Physicality has also been tweaked, especially in terms of shielding the ball. Ron said during the presentation that in previous games running into a player felt very unnatural, but in PES 2018 players dynamically place their body in between the defender and the ball to keep possession, rather than simply running into danger. This was one of the clearest new features when we played, and it not only helped us keep the ball when attacking, but also added a layer of immersion, as this is how players keep possession in real life football too, allowing you to hold up the play and assess your options should you need to.
We were told this realism will extend to ball bounce as well, with Ron using the example of a free kick when the ball will deflect off the wall and cause the keeper problems in the danger area, as deflections should now behave more realistically. We didn't notice anything especially obvious in this area, but nothing stood out as unrealistic either, so we'd need some more time with the game to notice whether deflections behave as you'd expect or whether they simply go to the feet of players.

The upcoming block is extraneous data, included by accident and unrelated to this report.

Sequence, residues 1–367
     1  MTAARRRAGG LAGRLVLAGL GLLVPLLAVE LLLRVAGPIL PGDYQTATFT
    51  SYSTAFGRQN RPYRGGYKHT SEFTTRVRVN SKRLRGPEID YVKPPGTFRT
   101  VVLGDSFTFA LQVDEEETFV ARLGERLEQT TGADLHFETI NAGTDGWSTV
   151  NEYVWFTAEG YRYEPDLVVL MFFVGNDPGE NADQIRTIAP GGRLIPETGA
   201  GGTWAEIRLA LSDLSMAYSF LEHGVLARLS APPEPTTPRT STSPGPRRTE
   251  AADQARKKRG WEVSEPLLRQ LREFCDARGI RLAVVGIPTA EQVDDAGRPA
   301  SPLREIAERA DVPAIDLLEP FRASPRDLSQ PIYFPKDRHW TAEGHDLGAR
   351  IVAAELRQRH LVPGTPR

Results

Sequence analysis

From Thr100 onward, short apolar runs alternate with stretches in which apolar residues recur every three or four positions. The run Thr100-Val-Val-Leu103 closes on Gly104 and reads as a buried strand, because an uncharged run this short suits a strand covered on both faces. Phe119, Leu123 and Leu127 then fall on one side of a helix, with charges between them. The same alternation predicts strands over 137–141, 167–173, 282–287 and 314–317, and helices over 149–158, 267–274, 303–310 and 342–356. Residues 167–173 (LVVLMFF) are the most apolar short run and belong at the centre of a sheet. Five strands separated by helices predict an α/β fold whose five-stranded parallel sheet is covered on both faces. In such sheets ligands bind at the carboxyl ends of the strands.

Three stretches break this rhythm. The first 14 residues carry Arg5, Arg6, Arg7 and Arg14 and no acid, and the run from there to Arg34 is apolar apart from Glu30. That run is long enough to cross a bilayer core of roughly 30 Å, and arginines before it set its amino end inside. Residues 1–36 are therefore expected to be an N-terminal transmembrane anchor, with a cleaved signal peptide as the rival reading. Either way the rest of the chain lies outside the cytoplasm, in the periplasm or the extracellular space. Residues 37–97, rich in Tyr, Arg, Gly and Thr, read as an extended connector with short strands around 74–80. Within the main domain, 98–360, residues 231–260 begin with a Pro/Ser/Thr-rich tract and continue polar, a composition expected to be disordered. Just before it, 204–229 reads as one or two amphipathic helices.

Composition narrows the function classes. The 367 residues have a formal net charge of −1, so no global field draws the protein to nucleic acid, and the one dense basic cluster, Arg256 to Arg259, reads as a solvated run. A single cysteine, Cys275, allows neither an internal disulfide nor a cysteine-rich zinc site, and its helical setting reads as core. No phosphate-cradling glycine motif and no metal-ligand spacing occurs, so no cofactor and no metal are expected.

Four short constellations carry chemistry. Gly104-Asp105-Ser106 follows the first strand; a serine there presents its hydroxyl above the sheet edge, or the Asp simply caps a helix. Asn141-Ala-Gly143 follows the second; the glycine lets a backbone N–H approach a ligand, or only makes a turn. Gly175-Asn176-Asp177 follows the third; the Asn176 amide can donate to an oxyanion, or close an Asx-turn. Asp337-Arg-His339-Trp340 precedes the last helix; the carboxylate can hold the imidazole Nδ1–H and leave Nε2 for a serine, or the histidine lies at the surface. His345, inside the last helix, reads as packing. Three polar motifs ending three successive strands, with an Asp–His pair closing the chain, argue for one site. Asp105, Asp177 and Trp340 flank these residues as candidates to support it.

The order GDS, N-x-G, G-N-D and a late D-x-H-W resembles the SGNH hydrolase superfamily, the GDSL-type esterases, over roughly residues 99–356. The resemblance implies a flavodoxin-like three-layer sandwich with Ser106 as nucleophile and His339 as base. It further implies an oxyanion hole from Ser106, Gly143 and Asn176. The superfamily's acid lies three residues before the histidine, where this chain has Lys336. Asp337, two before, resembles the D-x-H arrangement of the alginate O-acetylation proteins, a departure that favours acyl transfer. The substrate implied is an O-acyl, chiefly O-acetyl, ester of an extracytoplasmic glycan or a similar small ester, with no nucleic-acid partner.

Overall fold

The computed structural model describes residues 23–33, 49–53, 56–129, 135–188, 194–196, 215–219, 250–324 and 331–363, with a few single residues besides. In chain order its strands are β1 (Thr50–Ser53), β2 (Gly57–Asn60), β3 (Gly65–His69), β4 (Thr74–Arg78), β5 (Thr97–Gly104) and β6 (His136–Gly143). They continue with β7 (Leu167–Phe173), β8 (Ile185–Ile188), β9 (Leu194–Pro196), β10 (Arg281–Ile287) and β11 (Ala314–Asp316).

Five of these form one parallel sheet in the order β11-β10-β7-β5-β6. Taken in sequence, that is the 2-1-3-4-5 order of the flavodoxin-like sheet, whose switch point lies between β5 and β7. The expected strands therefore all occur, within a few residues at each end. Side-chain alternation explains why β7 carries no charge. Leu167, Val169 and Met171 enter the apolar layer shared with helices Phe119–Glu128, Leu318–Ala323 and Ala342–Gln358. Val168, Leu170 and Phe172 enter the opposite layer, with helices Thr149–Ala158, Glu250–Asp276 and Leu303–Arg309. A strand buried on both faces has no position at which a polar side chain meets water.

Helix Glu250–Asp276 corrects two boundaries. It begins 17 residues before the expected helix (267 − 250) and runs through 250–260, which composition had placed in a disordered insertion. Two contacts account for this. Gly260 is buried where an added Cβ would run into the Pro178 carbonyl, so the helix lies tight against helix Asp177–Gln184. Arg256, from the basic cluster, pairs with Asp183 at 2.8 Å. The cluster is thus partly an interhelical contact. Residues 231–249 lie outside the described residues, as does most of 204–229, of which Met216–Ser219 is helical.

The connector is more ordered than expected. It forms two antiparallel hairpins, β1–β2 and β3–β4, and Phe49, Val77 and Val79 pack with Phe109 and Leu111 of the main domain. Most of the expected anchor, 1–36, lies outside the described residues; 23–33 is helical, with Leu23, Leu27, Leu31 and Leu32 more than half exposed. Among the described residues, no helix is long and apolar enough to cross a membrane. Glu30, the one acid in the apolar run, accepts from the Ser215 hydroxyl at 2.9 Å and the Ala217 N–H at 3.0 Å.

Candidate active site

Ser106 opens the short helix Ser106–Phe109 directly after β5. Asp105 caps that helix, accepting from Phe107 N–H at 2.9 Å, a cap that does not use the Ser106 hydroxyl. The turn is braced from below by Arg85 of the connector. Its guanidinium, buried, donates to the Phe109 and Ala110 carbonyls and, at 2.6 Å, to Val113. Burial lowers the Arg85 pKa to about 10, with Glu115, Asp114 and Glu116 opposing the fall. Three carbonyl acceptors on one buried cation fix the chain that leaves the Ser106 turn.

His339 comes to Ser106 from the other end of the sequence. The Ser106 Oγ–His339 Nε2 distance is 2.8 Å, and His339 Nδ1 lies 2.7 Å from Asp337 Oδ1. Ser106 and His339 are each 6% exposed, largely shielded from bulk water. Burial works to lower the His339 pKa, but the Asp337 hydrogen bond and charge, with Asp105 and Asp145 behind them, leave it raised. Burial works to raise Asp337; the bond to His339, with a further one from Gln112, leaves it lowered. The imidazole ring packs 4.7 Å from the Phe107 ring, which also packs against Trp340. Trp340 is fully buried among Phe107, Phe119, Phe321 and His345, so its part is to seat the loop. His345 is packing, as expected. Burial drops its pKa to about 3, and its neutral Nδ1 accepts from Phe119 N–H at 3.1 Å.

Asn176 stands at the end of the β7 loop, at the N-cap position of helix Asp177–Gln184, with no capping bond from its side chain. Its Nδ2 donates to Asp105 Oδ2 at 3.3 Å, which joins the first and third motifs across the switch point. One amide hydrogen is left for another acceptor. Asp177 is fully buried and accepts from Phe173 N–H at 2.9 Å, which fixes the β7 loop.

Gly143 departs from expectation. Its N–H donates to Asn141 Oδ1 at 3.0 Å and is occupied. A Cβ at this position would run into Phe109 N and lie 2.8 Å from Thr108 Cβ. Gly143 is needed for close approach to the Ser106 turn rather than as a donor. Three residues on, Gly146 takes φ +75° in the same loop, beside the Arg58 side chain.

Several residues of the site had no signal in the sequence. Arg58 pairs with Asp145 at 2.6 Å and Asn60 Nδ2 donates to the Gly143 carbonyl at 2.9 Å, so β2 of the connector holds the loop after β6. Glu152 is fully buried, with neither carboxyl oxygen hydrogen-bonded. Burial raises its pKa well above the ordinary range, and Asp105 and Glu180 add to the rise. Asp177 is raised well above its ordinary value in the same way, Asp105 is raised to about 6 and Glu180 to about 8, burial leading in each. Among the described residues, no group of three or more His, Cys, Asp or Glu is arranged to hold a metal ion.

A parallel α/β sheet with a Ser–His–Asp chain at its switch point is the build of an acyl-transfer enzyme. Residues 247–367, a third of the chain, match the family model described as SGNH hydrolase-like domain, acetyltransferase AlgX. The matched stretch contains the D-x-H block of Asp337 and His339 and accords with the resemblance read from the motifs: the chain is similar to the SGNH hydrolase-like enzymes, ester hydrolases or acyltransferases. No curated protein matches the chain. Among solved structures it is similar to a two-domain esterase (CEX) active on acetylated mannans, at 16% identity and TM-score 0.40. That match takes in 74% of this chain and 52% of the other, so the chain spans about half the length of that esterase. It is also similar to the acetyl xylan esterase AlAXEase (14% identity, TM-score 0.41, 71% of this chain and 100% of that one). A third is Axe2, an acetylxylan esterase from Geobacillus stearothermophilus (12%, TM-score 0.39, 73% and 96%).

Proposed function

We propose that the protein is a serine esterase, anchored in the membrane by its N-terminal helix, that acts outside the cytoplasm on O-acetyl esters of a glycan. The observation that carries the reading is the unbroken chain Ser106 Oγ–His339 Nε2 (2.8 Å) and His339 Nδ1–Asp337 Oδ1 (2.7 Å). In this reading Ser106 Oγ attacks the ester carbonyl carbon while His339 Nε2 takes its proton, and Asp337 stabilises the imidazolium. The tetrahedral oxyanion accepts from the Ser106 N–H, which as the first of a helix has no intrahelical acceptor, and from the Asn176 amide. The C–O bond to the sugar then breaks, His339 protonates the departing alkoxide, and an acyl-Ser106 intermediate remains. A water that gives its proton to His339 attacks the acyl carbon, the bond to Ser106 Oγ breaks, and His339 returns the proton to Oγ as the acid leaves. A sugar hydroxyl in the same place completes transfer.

Ron highlighted curved passes with the outside of the foot in PES 2018 as well, being part of the new ball physics he celebrated, and although these were clearly obvious in the matches we played, it wasn't that big a deal when you consider that FIFA has had these for a while. Regardless, the option to bend a pass around a defender is a welcome one, and helps produce unique and satisfying attacking opportunities.